From the start, the day that golf changed from a tag-along-with-dad outing to a game to play seriously, Jensen Castle took aim at succeeding at the highest level.
“I’m super competitive,” she said in explaining her desire to excel.
Excel she has, forging a set of credentials that earned her the top spot in the state rankings, a berth in the top 10 among American Junior Golf Association competitors and a scholarship to the University of Kentucky.
Last week, she brought home her biggest achievement so far — a runner-up finish in the PGA’s national Girls’ Junior Championship in Hartford, Connecticut.
This week, she aims higher — in the USGA’s U.S. Girls’ Junior Championship in Stevens Point, Wisconsin.
“I have been playing really well for the past year,” said Castle, a Gray Collegiate graduate who lives in West Columbia. “I’m really excited about (the U.S. Girls’ Junior). It’s a great tournament with a lot of great players, and I’m looking forward to it.”
She won the PGA stroke-play tournament with a four-round total of 12-under-par 268. The USGA event calls for two rounds of stroke play on Monday and Tuesday with the low 64 payers advancing to match play.
“With either format, you just have to play well,” she said.
Castle’s formula for playing well includes preparation, competitiveness and having fun, and that’s her plan this week and beyond. The prize at the end of the tunnel is a berth on the LPGA Tour.
“I’m excited about what’s ahead,” she said. “There are a lot of opportunities, and I don’t want to get ahead of myself. I’m working all the time on improving.”
She gauges that wedges and putting — the scoring clubs — are the best part of her game, and she works to keep it that way. “I might focus on one thing in a practice session,” she said. “There are some days I might not hit a driver at all.”
Earning berths in the national tournaments convinced Castle she could compete beyond the state and regional level. She has played in two PGA Girls’ Junior events, the U.S. Women’s Amateur Four-Ball and the Big I. This will be her second U.S. Girls’ Junior.
“Obviously, the competition gets better with each step, and you really have to want to play well and work on your game,” she said.
Making the cut at the 2018 PGA Girls’ Junior provided a dose of confidence. Then she finished sixth in the Big I, another national event, and she began 2019 with a second in the AJGA’s Annika Invitational and a third in an international field in the Dustin Johnson championship.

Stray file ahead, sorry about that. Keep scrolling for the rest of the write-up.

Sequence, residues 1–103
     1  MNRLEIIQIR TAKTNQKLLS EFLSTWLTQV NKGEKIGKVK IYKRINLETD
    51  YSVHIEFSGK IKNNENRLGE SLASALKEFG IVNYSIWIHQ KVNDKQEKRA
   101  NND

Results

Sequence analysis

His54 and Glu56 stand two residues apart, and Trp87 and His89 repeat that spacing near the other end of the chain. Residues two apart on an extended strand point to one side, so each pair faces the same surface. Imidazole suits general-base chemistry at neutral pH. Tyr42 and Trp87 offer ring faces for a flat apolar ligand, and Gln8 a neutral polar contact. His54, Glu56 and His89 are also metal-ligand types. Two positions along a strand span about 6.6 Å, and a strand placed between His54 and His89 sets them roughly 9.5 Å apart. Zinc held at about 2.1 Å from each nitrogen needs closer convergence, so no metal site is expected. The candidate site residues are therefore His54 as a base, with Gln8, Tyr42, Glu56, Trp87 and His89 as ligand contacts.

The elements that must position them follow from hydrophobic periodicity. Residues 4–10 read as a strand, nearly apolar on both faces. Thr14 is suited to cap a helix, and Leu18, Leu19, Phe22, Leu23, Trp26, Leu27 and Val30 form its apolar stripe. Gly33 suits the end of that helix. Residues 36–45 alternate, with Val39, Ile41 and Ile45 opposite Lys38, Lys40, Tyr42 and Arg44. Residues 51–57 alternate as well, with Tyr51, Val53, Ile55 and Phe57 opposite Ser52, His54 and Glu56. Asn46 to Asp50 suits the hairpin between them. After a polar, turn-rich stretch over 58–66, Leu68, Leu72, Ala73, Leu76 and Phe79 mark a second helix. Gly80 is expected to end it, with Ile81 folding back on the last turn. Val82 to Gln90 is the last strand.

Placing second at last week’s PGA Girls’ Junior “is the best so far,” she said, and she heads to Wisconsin brimming with confidence.
Her history of consistent improvement suggests that even better performances are in her future, starting perhaps this week.
Chip shots. Bronson Myers, a Hammond graduate who will play college golf at Elon, won two matches before falling in the Round of 16 in the U.S. Junior Amateur in Toldeo, Ohio. ... Jack Parrott (Columbia/USC) led the South Carolina contingent in the Carolinas Amateur with a fourth-place finish. Walker Jones (Sumter/Wofford) tied for fifth, Jake Carter (Aiken/Florida State) shared seventh and Jamie Wilson (Mt. Pleasant/USC) finished 10th in the tourney in Chapel Hill, N.C. ... Carter will be among the favorites in this week’s Palmetto Amateur in Aiken. ... RJ Keur (Summerville), 2017 SCGA Player of the Year, and Andrew Orischak (Hilton Head Island/Virginia) advanced to the U.S. Amateur in qualifying at Colleton River Plantation’s Dye Course in Bluffton. Nick Dunlap (Greer), a 15-year-old high schooler, earned a berth in qualifying in Chapel Hill, N.C. ... Mason Tucker (Lancaster) won the boys’ title and Phoebe Carles (Clinton) captured the girls’ championship in the CGA’s South Carolina Junior Match-Play tourney in Moncks Corner. ... Tucker made it two titles in a week by winning the boys’ division in the rain-shortened Blade Junior in Greenville. Abigail Schimpf (Daniel Island) led the girls.